Way Beyond Dick and Jane day 1

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Presentation on Using the SEM-R to Teach Talented Elementary Grades Students

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Way Beyond Dick and Jane day 1

  1. 1. (WAY) Beyond Dick and Jane: Teaching Talented Readers in the Elementary School<br />Presentation for Austin Hormel Gifted Symposium<br />Dr. Elizabeth Fogarty<br />East Carolina University<br />fogartye@ecu.edu<br />
  2. 2. The National Research Center on the Gifted and Talented<br />www.gifted.uconn.edu<br />
  3. 3.
  4. 4. To Kill a Mockingbird<br /> Miss Caroline writes the alphabet on the board and Scout reads it through easily. Suspicious, Miss Caroline asks Scout to read from the reader and from the local paper. Then she forbids Scout to let Atticus teach her to read anymore. Miss Caroline tells her she can not read at home anymore. Scout explains she doesn't remember learning how to read, but it seems she always knew how. When Miss Caroline forbids her to continue reading, Scout realizes how important it is to her: "Until I feared I would lose it, I never loved to read. One does not love breathing."<br />
  5. 5. Think Back…<br />Choral Reading<br />Waiting to Read<br />Waiting for others to catch up<br />
  6. 6. What is “Good Reading Instruction?”<br />
  7. 7. Many (but not all) talented readers read early<br />Read at least two grade levels above chronological grade placement<br />Begin reading early and may be self-taught<br />
  8. 8. Talented readers enjoy the process of reading<br /><ul><li>Seek and enjoy depth and complexity in reading
  9. 9. Develop a deeper understanding of particular topics through reading
  10. 10. Demonstrate preferences for non-fiction
  11. 11. Pursue interest-based reading opportunities</li></ul>Read avidly and with enjoyment<br />Use reading differently for different purposes<br />Thirst for insight and knowledge through reading<br />Pursue varied interests in texts<br />View books as a way to explore the richness of life<br />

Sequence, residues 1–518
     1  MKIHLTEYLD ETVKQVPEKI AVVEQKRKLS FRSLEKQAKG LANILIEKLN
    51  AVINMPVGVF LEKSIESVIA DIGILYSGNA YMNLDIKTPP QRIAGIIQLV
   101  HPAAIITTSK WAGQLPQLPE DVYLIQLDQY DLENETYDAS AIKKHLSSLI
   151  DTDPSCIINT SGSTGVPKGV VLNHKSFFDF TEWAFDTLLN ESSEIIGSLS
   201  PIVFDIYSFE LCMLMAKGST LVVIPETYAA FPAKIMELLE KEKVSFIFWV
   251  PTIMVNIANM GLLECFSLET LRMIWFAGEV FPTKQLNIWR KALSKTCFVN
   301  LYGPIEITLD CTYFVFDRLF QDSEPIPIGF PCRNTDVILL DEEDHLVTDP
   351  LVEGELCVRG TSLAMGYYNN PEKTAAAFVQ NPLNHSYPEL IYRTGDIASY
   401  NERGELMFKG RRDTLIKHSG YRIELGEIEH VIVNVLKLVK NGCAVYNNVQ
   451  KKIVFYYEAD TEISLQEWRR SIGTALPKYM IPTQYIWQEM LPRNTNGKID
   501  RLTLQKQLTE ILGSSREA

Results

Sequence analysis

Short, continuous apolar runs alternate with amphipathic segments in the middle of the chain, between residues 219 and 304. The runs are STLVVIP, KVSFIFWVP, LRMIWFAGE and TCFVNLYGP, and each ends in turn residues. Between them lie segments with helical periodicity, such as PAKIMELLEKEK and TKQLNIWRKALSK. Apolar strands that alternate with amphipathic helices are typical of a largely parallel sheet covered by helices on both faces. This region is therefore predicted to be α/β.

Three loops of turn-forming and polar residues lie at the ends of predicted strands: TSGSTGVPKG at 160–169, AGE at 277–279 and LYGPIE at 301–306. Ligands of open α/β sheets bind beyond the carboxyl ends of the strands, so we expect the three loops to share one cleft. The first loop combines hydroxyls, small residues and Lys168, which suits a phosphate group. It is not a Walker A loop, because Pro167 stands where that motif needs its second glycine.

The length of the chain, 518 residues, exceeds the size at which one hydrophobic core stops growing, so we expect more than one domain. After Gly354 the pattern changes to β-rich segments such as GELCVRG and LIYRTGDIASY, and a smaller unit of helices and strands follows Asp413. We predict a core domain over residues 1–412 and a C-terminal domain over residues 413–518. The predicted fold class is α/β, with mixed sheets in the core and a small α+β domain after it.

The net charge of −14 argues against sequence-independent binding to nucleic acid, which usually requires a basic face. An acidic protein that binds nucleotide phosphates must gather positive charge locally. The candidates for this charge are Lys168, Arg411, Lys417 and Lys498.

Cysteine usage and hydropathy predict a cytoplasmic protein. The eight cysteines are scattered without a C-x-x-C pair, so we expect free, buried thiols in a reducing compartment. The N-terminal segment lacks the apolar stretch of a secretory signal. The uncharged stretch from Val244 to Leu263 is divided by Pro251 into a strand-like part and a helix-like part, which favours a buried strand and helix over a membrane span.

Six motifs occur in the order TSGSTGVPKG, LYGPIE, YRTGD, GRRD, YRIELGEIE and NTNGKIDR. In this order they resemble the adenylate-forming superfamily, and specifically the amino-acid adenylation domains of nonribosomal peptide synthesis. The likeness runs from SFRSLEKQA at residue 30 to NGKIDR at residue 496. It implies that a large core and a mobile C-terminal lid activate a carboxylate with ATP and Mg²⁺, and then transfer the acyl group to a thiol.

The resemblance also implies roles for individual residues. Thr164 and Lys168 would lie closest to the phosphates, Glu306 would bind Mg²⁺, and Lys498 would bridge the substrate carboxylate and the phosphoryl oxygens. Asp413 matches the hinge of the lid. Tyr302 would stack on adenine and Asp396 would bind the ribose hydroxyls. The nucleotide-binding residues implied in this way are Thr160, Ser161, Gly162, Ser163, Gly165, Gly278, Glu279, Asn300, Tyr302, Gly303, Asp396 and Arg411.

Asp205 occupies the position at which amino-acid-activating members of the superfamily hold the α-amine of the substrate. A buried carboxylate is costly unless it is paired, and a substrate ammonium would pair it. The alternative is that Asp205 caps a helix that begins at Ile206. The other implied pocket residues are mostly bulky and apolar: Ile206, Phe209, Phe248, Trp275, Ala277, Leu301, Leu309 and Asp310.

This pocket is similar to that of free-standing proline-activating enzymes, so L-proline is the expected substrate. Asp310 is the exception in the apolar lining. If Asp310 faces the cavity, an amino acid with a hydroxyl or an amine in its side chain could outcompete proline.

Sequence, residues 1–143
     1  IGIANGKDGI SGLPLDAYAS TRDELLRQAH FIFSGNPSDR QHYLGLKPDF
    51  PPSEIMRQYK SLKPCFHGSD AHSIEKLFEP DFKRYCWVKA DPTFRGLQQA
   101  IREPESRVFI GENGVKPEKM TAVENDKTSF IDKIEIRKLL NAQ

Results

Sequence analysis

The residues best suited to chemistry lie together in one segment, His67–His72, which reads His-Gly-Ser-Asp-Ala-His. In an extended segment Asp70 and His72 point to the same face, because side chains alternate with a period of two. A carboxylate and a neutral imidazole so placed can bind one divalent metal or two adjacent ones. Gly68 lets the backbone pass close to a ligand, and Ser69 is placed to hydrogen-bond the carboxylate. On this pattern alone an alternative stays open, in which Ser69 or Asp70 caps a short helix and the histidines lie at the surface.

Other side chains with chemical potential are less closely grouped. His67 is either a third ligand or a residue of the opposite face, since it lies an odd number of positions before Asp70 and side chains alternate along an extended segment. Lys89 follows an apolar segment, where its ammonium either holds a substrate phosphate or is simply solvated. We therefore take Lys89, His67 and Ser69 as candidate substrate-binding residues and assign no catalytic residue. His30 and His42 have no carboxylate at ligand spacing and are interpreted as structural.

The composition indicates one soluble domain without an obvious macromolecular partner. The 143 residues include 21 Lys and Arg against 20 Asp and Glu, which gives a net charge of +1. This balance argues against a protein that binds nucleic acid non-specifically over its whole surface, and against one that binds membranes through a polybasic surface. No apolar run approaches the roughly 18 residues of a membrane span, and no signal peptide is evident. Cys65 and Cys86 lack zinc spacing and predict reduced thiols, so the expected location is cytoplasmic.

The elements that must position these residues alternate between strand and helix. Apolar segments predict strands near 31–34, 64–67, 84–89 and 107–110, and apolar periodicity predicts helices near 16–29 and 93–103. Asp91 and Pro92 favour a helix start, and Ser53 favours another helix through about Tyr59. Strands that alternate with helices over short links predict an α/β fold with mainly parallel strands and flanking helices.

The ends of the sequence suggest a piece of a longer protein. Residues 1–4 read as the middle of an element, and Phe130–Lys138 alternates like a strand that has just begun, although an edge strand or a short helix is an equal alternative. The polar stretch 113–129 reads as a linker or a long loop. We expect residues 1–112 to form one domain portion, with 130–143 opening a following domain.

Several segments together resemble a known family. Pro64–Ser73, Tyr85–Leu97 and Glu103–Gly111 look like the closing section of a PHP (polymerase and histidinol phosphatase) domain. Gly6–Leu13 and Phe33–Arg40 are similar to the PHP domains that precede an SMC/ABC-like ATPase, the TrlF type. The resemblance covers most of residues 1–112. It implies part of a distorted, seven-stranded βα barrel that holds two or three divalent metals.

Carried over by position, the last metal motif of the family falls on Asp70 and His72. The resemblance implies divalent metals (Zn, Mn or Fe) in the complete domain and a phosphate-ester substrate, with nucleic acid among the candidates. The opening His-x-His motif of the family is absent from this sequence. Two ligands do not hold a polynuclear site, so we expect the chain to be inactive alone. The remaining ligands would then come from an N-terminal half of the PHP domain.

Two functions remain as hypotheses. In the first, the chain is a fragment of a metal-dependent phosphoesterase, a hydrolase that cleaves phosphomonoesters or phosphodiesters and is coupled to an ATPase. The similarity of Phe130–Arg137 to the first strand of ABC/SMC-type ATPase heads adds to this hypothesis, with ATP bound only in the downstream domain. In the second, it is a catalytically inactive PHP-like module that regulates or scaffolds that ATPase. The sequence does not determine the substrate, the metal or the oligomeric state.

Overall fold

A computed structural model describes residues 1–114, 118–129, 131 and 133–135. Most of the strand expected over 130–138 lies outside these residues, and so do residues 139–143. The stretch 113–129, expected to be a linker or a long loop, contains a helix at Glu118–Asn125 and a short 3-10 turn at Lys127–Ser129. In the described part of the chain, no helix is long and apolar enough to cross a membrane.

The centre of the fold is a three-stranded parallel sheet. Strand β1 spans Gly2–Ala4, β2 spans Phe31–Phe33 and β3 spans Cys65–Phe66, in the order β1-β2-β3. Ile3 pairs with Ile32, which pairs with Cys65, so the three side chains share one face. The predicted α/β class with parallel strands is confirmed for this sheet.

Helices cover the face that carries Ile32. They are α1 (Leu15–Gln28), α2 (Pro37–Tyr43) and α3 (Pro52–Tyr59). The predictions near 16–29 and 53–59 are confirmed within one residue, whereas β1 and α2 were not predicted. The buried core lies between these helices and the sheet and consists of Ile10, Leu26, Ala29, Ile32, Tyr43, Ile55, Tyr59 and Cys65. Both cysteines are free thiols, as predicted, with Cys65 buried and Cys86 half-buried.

12. 12. Talented readers have advanced language skills. <br />Enjoy the subtleties and complexities of language<br />Demonstrate advanced understanding of language<br />Use expansive vocabulary<br />Use reading to acquire a large repertoire of language skills<br />Use language for humor<br />Display verbal ability in self-expression<br />Use colorful and descriptive phrasing<br />Demonstrate ease in use of language<br />
  13. 13. Talented readers demonstrate advanced processing skills<br />Retain a large quantity of information for retrieval<br />Automatically integrate prior knowledge in reading<br />Utilize higher-order thinking skills such as analysis and synthesis<br />Process information and thoughts at an accelerated pace<br />Synthesize ideas in a comprehensive way<br />Perceive unusual relationships<br />Grasp complex ideas and nuances<br />
  14. 14. Reading is…<br />“a complex and purposeful socio-cultural, cognitive, and linguistic process in which readers simultaneously use their knowledge of spoken and written language, their knowledge of the topic of the text, and their knowledge of their culture to construct meaning with text.”<br />(National Council of Teachers of English, 2004)<br />
  15. 15. What is Needed to Teach Reading?<br />“Teachers must have a strong knowledge of multiple methods for teaching reading and a strong knowledge of the children in their care so they can create the appropriate balance of methods needed for the children they teach.” <br />(International Reading Association, 1999, p.1)<br />
  16. 16. Differences between SEM-R and other Reading Programs<br />Focus on the joy found in reading<br />Increasing levels of challenge in reading<br />Increased self-regulation in reading<br />Acknowledging and celebrating students’ interests<br />Deeper more complex conversations about reading<br />Higher level thinking skills and questioning<br />Individualized instruction on a regular basis during Phase 2<br />